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Gluten Free Fad Diet Dieters - GET REAL!

Updated on April 9, 2011
Typical gluten free fad dieter trying to stay slim.
Typical gluten free fad dieter trying to stay slim. | Source

Losing our Sanity in Australian/Worldwide Society

Gluten free fad diets are beginning to take over the sanity of our society. People adopt 'gluten free "fad"' diets for a variety of reasons, some of which cannot be explained. However many instances include wanting to be popular, seeking attention, becoming obsessed with food, etc. Rarely does one on a gluten free "fad" diet take avoiding gluten seriously. They usually try to convince society that 'small amounts' are fine but larger amounts are a problem. Society is getting a very distorted view on the severity of Coeliac Disease and its long term complications.

Had all of those 'gluten free "fad"' dieters made sure chefs understood the real true meaning of 'gluten free' (from the beginning) and asked them to prevent contamination, I think life would be so much easier for us now. There would be a great selection of gluten free options that ARE gluten free (no ifs, buts or any of this c**p) and we would have large varieties of items to choose from. But no, that's not the case. It's getting so hard now that even the Coeliac Society of Australia has given into recommending these "pizza" places (that claim 'gluten free'/'gluten friendly' and then add a disclaimer) after telling us we should avoid traces of gluten.

Their response: "When you drive a car, you risk dying in a fatal car accident. The primary purpose of the Coeliac Society is to help promote an enjoyable lifestyle for its members. With that, of course, comes some risk."


What's worse, Graham Price (Technical Officer at the Coeliac Society of Australia (CSoA)) after *ALL* these years is now giving himself some relief by simply ordering some Domino's pizzas for the Society's Kids' parties. Sigh, if you must.

Another matter of concern. Rumor has it that it is only our reliable ACCC that is preventing the Coeliac Society from going even further backwards. The CSoA intends to allow foods with small traces of gluten to be labelled "GLUTEN FREE".

All I can say is if you're on a gluten free 'FAD' diet, and letting people know about the fact that you are supposedly 'gluten free', at least HAVE THE COURTESY TO MAKE SURE PEOPLE REALISE THE SERIOUS RISK OF CROSS-CONTAMINATION AND BE PREPARED TO MISS OUT OR GET OFF THE GLUTEN FREE DIET NOW!

How 'gluten free' are YOU? Find out for yourself.

Missing out when on a strict gluten free diet is a fact of life, and people better get that idea into their heads before they dive in and wreck the lives of those around them as well as themselves because THEY are the ones who highly contribute to misunderstandings in today's society. It sickens, but does not surprise, me that this is the case! On the other hand, they could do us a lot of good and either strictly avoid gluten or not avoid it at all!

Remember, a food item cannot be labelled 'gluten free' if it is not gluten free. It is illegal.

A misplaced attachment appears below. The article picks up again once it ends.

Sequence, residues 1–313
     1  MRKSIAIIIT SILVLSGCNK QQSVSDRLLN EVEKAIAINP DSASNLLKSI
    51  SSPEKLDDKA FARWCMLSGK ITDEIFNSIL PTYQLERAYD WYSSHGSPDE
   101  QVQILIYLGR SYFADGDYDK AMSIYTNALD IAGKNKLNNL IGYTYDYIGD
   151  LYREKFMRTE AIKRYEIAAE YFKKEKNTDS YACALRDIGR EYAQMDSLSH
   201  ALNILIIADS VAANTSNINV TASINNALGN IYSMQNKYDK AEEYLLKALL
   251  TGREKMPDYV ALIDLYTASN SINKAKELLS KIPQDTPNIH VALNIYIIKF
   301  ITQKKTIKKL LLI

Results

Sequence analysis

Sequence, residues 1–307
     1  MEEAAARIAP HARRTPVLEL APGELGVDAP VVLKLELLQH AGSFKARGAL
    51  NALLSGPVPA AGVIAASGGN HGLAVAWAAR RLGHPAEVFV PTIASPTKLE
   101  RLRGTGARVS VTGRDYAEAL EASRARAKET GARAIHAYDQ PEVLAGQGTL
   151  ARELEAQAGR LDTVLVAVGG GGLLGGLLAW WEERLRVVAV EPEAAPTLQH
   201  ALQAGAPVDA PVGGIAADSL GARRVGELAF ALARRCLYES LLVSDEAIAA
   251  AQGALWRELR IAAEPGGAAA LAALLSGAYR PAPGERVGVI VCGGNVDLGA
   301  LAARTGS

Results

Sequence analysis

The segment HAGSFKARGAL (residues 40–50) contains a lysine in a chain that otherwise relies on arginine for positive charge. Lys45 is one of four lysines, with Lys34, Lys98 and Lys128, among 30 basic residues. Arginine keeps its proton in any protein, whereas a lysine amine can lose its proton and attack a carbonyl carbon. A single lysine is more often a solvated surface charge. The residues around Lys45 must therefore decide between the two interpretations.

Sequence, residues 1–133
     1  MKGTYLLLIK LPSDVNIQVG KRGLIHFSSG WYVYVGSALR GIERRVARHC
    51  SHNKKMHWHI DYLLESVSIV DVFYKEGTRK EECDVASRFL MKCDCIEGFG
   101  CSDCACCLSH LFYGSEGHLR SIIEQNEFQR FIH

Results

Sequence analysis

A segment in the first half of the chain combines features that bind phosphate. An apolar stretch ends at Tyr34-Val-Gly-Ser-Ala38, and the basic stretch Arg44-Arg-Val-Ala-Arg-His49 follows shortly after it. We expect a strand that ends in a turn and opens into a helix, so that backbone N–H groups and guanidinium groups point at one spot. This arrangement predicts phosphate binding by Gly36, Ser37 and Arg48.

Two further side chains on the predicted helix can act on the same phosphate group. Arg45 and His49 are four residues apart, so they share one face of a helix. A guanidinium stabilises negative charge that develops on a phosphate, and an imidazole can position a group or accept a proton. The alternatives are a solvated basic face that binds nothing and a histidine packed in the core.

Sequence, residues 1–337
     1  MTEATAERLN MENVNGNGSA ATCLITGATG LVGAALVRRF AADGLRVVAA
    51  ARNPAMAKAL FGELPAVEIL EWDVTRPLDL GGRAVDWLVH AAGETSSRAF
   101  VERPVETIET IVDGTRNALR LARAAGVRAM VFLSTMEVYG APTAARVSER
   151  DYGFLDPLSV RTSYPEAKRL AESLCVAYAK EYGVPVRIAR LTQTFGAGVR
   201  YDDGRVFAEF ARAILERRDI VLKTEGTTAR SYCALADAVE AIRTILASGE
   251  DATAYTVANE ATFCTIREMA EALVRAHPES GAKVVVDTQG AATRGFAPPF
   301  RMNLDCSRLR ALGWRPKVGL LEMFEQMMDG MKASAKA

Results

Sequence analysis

16 Claims in relation to gluten content of food

-----(2) A claim to the effect that a food is gluten free must not be made in relation to a food unless the food contains –

----------(a) no detectable gluten; and

----------(b) no –

---------------(i) oats or their products; or

---------------(ii) cereals containing gluten that have been malted, or their products.

From here – Page 15 of the PDF file. From Food Standards Australia and New Zealand.


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      Gluten Free Girl In DC 5 years ago

      I could not agree with your post more, I for one have Celiac Disease, so does my mom and my aunt. It has been a learning curve and a not so happy experience having to shop, live, and be gluten free and NOT by choice but because I have to.


    • crystolite profile image

      Emma 6 years ago from Houston TX

      Funny pics in there quite informative article you really shared.thanks

    • infonolan profile image

      infonolan 7 years ago from Australia

      Lee, I have had blood samples for a variety of tests (including the gene test) and was positive for both genes. My doctor did not believe it was necessary to do gluten for another month due to this and certified me as having coeliac disease. I would agree, as I am highly sensitive to gluten (even small amounts (i.e. 1 or 2 crumbs)) will usually cause me to react. I feel that the sooner one gets of gluten, the better. Just one month can be the difference between whether an undiagnosed coeliac individual develops cancer or not.


      I know of one lady who insisted on being re-tested with the biopsy because gluten was definitely affecting her. Eventually the doctor got fed up but she was willing to pay and be re-tested 3 times to prove the coeliac test. Arghh!

      She got negative results on the first two attempts and a positive on the third.

      Personally, I feel that biopsies are an utter waste of time. I avoid gluten like the plague, anyhow.

    • profile image

      Lee 7 years ago

      infonolan are you a biopsy confirmed coeliac or a "non coeliac" gluten intolerant?

    • infonolan profile image

      infonolan 7 years ago from Australia

      May I add that all of the points you mentioned, FFS, were all related to voluntary dietary requirements. Coeliac Disease is not voluntary. One either has it or they don't.